OCT 2019

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OCT 2019 Issue
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Pea Stones

One of the supporting characters in The Man Who Wasn’t There (2001), written and directed by Joel and Ethan Coen, is a flashy lawyer who resolves to exonerate a woman accused of murder by using a simplified version of Heisenberg’s uncertainly principle. The harder the jury looks at the evidence, he will argue, the more the act of looking changes the evidence, rendering it ambiguous and leading to what he is ultimately after—reasonable doubt. When the accused commits suicide the night before the trial is set to begin, the lawyer is crestfallen because he has lost the opportunity to put his brilliant argument to the test. Otherwise, he is generally unmoved by his client’s death.

Richard Shiff has written thoughtfully about The Man Who Wasn’t There and its interwoven themes of uncertainty, doubt, and chance. Doubt, in fact, is a topic that Shiff has expanded upon on numerous occasions, so it comes as no surprise that this film would have attracted his attention.1 From a wide range of imagery, Shiff seizes on a seemingly minor detail, namely, the pea stone covered driveway of the accused woman’s home, which plays a role in a handful of shots. The driveway becomes a passive context for the banal activities of parking a car or walking toward the house, each movement resonant with the unique crunching sound produced by shoes or tires on pea stone gravel. This sound, with its empirical specificity, winds up lending credibility to the truthfulness of the overall narrative, producing what Shiff, borrowing from Roland Barthes, calls an effect of the real. “As characters approach or leave the bungalow where essential segments of the narrative occur,” he observes, “they drive or walk over this piece of ground: this is only natural; this is reality.”2

The pea stone becomes the subject of a minor disagreement near the end of the film between the accused woman’s husband and a salesman, who tries to convince him that it is in his best interests to pave the driveway with more durable asphalt. The pea stone looks good at first, but it eventually gets scattered into unwanted places. “Pain in the neck,” he declares. “It never bothered me much,” replies the husband. The two men offer competing opinions, both of which are grounded in the reality of the pea stone. Each is motivated by a distinct practical concern: the salesman tries to sell a new product, while the homeowner defends the status quo of his driveway. Both men advance situational and pragmatic truths, which are verifiable only in terms of the significant differences they make in the context of what is otherwise a passing, trivial disagreement about materials used for surfacing driveways.

Now, there is a significant difference between claiming that facts are distorted by how we look at them and claiming that facts are the product of situational encounters with reality. What the disagreement between the two men suggests is that facts, truths, affirmations, and the like, are not images more or less in conformity with what already exists (pea stone), but rather new things that we add to reality by using it in various ways. How and where truths will emerge, then, depends on pragmatic situations, not on an effort to reveal a transcendent truth once and for all. Henri Bergson put it this way: “Every truth is a path traced through reality, but among these paths there are some to which we could have given an entirely different turn if our attention had been orientated in a different direction or if we had aimed at another kind of utility.”3 “Thus, a truth, if it is to endure” adds Bergson, “should have its roots in realities; but these realities are only the ground in which that truth grows, and other flowers could just as well have grown there if the wind had brought other seeds.”4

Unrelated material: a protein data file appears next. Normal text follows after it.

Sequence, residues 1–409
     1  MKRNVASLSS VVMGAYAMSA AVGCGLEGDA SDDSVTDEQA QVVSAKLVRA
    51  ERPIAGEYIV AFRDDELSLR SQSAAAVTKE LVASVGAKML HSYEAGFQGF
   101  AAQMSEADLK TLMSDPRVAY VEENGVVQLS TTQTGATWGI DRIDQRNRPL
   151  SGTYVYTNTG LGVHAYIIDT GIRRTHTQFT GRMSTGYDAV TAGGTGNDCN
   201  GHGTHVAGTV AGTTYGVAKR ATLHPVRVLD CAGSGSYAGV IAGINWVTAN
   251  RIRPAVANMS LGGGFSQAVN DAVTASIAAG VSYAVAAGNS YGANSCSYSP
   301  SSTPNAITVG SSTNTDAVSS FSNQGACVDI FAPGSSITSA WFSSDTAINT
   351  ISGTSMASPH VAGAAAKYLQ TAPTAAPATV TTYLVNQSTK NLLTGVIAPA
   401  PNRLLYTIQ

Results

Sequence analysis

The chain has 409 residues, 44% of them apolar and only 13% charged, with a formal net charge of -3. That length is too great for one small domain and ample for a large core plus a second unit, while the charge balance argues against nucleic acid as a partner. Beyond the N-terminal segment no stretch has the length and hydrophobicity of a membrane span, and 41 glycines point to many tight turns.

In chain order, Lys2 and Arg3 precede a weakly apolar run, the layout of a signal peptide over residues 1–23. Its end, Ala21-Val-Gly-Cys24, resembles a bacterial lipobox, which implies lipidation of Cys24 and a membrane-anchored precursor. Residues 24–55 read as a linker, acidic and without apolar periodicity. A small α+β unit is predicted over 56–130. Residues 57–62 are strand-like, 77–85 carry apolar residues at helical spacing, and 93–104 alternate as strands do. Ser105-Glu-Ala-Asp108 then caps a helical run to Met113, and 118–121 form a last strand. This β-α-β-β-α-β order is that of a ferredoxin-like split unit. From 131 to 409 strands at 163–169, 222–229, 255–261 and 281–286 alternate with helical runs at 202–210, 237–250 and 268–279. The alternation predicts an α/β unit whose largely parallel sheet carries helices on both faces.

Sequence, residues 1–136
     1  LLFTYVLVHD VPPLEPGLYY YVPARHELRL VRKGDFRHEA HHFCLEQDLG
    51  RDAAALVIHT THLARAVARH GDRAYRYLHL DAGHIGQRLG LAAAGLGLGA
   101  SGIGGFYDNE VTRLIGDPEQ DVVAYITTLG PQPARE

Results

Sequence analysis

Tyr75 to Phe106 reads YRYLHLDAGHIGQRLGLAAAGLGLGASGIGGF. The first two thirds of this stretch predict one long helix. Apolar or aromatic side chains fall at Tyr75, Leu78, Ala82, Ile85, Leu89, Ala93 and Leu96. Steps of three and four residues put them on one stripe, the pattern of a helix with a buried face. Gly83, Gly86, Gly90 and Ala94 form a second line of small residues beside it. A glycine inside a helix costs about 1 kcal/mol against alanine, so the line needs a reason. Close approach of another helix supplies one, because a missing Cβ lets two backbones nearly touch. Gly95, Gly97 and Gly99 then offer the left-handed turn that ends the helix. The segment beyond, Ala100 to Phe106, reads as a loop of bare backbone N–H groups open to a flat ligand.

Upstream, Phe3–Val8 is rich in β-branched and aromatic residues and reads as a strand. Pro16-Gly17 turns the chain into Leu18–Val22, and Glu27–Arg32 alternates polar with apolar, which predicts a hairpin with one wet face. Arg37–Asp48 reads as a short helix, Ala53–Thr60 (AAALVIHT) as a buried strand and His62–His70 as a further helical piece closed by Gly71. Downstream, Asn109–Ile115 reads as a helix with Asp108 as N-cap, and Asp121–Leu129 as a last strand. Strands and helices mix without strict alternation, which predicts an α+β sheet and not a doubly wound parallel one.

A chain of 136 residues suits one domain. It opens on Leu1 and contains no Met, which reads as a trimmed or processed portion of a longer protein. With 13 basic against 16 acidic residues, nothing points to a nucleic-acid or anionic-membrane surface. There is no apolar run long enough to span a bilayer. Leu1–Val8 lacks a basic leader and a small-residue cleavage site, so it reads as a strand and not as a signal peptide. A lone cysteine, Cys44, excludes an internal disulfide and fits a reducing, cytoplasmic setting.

In his analysis, Shiff is alert to the fact that there are, in fact, (at least) two uncertainty principles at work in The Man Who Wasn’t There. The first, exploited by the lawyer, amounts to perspectivism. The other, developed in the confrontation over pea stone, is predicated on chance. “A homeowner finds pieces of pea stone where they should not be, but have every material reason to be,” he explains; “Chance puts them there.”5 Chance is a repeated motif in the film, including the unexpected suicide of the accused woman, a sharp letter opener that sits just within arm’s reach, a random encounter between an older man and a younger woman, a violent automobile accident, etc. Accidents, like salesmen and pea stones, or films and philosophy books, are novelties added to the world. They contribute themselves to what William James called the expanding, “unfinished” universe—“growing in all sorts of places, especially in the places where thinking beings are at work.”6

  1. Richard Shiff, Doubt (New York, NY: Routledge, 2008).
  2. Richard Shiff, “Reality by Chance,” Ars Semeiotica, vol. 37, no. 3-4 (2004), 197.
  3. Henri Bergson, The Creative Mind, tr. M. L. Andison (Totowa, NJ: Littlefield, Adams, and Co., 1964), 217.
  4. Ibid, 216.
  5. Shiff, “Reality by Chance,” 199.
  6. William James, Pragmatism, A New Name for Some Old Ways of Thinking (New York: Longmans, Green and Co., 1907), 259.


Matthew Simms

MATTHEW SIMMS is a professor of art history at CSU Long Beach. His monograph on Robert Irwin is under advance contract with Yale University Press.


OCT 2019

All Issues